Pulasan grows at branch’s end
Harvest keranji with a wooden rod
O Man! Do not seek to be praised.
Know that all praise belongs only to God.
Ambil galah jolok keranji
Buah pulasan di hujung dahan
Manusia janganlah suka dipuji
Segala puji kepunyaan Tuhan
As durian season peters out, a couple of marginal fruits make their appearance. The brittle, velvety black shells of the keranji start showing up in February. Keranji season comes and goes so quick I usually don’t manage to pick any up; I rarely see it in the market longer than two or three weeks. Beneath the shell is a very thin layer of tart and sweet flesh around a hard seed. The whole package is reminiscent of tamarind or asam jawa (they are in the same botanical family) but far fussier, yielding much less to eat and requiring much more time and care to pop open the shell. Press to hard and you get fragments stuck in the flesh. Keranji may be appealing compared to whatever else can be gathered wild from the woods at the same time of year, but it doesn’t hold up well to what you can find in the supermarket. Frankly, it was only my devotion to my readers that made me buy some this year.
Upon further investigation, I wish I hadn’t. It turns out keranji is of the genus Dialium, which is a valuable timber tree. As such, it has become rare throughout the country and is listed as Near Threatened by the IUCN. It is certainly the logging that is responsible, but eating the fruit can’t help. Next year I’ll pass.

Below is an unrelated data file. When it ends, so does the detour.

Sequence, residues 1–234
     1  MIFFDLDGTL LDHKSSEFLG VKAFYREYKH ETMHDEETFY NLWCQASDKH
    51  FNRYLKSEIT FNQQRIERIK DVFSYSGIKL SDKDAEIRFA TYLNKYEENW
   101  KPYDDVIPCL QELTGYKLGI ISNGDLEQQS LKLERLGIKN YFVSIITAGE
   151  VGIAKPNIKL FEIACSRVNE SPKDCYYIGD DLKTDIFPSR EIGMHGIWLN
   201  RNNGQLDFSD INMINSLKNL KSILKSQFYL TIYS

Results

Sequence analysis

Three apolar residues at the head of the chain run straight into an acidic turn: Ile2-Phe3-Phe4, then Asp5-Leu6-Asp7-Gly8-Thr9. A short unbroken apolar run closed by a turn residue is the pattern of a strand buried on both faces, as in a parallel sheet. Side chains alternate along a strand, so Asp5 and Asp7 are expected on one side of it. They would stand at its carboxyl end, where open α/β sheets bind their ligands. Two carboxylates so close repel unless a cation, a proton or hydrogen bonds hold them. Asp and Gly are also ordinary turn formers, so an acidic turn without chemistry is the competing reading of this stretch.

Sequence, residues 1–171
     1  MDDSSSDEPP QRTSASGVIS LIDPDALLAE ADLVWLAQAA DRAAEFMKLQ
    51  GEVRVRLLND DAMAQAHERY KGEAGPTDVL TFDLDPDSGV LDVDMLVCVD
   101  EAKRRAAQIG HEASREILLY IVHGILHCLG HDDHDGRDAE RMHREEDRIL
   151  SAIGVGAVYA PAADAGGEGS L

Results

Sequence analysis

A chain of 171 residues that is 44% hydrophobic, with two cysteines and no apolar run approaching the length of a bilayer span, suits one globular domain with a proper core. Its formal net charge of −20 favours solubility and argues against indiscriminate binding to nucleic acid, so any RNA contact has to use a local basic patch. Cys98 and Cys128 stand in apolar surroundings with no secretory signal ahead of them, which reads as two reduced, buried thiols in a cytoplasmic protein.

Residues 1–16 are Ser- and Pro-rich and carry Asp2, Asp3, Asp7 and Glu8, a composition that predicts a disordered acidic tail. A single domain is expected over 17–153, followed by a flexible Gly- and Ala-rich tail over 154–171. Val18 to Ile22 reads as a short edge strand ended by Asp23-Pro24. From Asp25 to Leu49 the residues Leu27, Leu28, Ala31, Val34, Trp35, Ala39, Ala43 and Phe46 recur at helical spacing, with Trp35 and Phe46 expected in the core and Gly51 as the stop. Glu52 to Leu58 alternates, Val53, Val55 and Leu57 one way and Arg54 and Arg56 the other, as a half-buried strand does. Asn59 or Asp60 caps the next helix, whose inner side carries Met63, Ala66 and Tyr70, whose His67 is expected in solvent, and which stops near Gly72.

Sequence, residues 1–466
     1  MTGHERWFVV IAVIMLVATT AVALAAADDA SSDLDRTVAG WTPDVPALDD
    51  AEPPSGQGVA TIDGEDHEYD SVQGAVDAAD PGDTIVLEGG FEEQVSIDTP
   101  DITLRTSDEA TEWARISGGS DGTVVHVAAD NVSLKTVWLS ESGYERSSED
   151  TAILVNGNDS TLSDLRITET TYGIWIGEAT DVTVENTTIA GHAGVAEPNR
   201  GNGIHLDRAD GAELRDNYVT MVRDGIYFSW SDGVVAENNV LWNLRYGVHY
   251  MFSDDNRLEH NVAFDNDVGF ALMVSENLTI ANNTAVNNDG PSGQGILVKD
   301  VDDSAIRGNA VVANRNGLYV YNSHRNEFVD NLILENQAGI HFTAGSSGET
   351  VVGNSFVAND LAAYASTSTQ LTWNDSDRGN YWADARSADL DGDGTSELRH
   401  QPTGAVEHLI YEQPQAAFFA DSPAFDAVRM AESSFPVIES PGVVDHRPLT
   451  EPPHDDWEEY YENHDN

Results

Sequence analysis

Duku fruit upon the shelf
Who knows where the langsat has gone
Who can measure how worried my heart is
All that I’ve done has come out wrong
Buah duku di atas para
Buah langsat entah di mana
Resah hatiku tidak terkira
Apa dibuat semua tak kena
Langsat is another tropical fruit that is unlikely to ever make it big on the world market. The fruits only stay fresh a few days before the skins discolor and the flavor turns, and there isn’t much you can do with the fruits but eat them fresh. When fresh, they are sweet, tart, juicy and delicious, without tasting very strongly of any particular flavor. Each little fruit barely yields a full swallow, and with the bitter green seeds inside, you have to work them around in your mouth to strip the flesh off. Between the peeling and the mouth work, eating a bag of langsat has the same kind of rhythm and pleasure as shelling and eating pecans, or working a handful of sunflower seeds in the shell. I pass six or seven langsat stands on my way home from work so most days I get a 3-kilo bag to keep me company on the long commute. Perhaps the trail of langsat skins on the roadway will help me find my way back to work again, Hansel & Gretel style.
Langsat, Langsium domesticum var domesticum, is orchard fruit, cultivated in Kalimantan and shipped over the border at the “inland port” of Tebedu. I’m not sure what distinguishes an inland port from any other border crossing, but that’s what they call it. Folks in West Malaysia may be more familiar with duku, which is L. domesticum too, but a different variety. It has a thicker, harder rind and doesn’t weep latex when peeled. For whatever reason, I’ve yet to find duku in Kuching or langsat in west coast Semenanjung, although both varieties should be able to grow well in either place, as the pantun suggests. Buah duku entah di mana…
Pantuns courtesy of Malay Civilization
English Translation by Bin Gregory Productions